The most known symmetric cipher is the Advanced Encryption Standard (AES)
Encryption algorithms which use the same and single key for both encryption and decryption are known as:
- symmetric key algorithms.
- or secret-key encryption
The symmetric cipher is quicker than an asymmetric one that's why they are generally used in a second phase of a SSL connection when the shared secret has been exchanged between the two parties via a connection encrypted by asymmetric cipher.
Symmetric Cipher are also used in data transition. For instance, you may send an email verification with a link that has an encrypted payload. If the user clicks on the link, you receive the data and you can verify that it was the data you send.
Symmetric postal analogy
- Alice would puts the secret message in a box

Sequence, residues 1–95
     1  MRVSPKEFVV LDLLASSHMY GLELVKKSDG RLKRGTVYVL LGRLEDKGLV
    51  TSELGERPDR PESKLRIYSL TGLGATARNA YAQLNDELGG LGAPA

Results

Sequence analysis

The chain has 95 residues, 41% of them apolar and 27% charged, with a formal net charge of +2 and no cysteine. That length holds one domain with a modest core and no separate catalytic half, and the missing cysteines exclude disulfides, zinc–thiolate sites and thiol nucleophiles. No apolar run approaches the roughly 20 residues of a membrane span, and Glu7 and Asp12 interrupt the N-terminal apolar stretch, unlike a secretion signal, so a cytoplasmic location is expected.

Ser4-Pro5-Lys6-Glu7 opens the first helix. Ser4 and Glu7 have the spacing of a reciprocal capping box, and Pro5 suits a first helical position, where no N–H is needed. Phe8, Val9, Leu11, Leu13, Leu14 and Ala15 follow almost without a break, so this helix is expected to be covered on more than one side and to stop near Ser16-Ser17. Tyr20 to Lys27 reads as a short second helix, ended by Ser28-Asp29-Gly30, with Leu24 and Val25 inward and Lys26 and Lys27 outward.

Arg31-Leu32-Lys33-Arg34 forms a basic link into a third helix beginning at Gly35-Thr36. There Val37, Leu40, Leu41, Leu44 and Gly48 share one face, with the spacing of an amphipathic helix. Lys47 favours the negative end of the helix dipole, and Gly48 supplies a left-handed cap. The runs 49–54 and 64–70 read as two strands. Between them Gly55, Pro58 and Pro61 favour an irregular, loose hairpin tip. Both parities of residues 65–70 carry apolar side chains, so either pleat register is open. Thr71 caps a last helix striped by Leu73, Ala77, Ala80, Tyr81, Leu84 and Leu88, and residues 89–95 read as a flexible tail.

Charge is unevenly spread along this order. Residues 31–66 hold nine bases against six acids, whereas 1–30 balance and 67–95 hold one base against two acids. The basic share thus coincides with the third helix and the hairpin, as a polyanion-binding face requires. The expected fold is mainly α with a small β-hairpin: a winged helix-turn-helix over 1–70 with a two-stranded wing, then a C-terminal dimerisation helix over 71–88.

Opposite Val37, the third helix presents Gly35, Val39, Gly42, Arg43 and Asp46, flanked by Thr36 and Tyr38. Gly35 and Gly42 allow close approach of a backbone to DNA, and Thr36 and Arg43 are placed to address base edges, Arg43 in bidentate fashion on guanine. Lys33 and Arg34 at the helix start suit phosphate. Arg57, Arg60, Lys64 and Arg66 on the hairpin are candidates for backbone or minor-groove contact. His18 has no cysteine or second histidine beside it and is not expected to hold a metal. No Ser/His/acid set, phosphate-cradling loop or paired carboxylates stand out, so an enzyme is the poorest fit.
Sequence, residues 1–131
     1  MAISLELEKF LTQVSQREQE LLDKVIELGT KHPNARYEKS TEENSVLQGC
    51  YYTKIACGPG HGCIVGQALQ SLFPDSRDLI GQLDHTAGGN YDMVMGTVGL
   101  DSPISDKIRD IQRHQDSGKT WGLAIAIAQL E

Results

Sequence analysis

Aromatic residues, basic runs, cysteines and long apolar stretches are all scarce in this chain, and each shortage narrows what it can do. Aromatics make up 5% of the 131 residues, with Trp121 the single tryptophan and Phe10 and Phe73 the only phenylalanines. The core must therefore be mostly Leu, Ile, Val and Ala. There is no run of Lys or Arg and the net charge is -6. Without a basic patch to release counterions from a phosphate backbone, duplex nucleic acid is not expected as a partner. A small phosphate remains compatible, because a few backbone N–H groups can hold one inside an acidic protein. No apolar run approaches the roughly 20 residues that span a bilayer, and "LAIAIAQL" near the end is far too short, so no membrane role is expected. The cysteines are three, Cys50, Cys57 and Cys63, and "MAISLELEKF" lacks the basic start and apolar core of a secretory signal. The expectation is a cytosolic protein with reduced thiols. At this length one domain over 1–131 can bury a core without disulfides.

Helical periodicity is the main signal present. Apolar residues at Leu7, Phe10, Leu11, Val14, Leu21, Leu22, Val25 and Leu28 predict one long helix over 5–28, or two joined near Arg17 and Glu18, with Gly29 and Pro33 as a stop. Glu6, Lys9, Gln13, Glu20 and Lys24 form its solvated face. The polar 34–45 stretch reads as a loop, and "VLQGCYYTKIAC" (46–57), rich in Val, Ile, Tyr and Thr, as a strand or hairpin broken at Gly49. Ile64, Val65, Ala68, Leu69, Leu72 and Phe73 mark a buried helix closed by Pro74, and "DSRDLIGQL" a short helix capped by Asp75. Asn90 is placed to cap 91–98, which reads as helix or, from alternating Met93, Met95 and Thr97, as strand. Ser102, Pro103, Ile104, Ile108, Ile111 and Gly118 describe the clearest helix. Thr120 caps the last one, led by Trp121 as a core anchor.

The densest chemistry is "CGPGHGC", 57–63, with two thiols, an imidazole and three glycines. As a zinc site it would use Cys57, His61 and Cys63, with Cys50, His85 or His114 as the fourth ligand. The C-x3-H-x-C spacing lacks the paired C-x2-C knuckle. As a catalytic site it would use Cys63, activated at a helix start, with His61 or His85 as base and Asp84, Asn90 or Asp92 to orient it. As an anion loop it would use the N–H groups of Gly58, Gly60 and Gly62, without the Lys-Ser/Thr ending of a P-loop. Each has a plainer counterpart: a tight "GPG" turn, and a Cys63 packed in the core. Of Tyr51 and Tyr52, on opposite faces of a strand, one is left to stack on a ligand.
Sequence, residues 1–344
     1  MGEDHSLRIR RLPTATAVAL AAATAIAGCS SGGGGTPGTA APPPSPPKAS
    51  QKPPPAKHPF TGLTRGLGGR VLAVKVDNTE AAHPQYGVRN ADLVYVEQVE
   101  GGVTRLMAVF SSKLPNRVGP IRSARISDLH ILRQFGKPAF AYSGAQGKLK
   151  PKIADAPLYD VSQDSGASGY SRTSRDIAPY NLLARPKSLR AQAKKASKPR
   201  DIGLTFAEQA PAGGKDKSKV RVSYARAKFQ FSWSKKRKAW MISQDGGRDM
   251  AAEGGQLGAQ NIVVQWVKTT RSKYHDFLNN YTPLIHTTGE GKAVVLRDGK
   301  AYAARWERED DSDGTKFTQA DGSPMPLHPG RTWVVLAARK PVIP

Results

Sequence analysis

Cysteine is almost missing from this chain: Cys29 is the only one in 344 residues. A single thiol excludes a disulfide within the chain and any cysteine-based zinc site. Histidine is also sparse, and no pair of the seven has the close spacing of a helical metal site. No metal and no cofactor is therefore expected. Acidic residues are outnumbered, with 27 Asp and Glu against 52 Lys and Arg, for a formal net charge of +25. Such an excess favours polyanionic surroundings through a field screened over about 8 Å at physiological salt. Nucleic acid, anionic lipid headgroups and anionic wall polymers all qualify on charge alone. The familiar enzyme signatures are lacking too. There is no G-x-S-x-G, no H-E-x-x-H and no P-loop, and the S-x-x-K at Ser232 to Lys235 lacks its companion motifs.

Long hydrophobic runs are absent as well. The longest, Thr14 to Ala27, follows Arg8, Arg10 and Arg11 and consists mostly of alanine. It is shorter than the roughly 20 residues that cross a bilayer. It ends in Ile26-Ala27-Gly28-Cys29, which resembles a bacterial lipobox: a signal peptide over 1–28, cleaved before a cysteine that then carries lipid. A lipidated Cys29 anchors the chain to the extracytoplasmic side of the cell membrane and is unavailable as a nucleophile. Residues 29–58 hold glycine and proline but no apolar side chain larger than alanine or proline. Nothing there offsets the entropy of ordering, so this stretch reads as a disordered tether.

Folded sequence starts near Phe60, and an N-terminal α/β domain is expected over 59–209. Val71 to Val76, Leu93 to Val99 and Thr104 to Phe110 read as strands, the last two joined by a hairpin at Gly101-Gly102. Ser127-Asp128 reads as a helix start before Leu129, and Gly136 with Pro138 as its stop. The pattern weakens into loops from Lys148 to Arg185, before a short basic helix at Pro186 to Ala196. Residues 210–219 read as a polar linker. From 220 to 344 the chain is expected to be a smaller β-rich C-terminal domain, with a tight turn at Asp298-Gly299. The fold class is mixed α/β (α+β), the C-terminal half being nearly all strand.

- Alice would lock the box using a padlock to which she has a key.
- Alice would send the box to Bob through regular mail.
- Bob would use an identical copy of Alice's key to open the box
- Bob would reads the message.
- Bob would use the same padlock to send his secret reply.
The single secret key must be shared and kept private by both:
- the sender (for encryption)
- and the receiver (for decryption).
To use a symmetric encryption scheme, the sender and receiver must securely share the key in advance. This is normally done after a connection is secured with an asymmetric cipher (because a symmetric cipher is less expensive in computational power). See section below asymmetric cipher.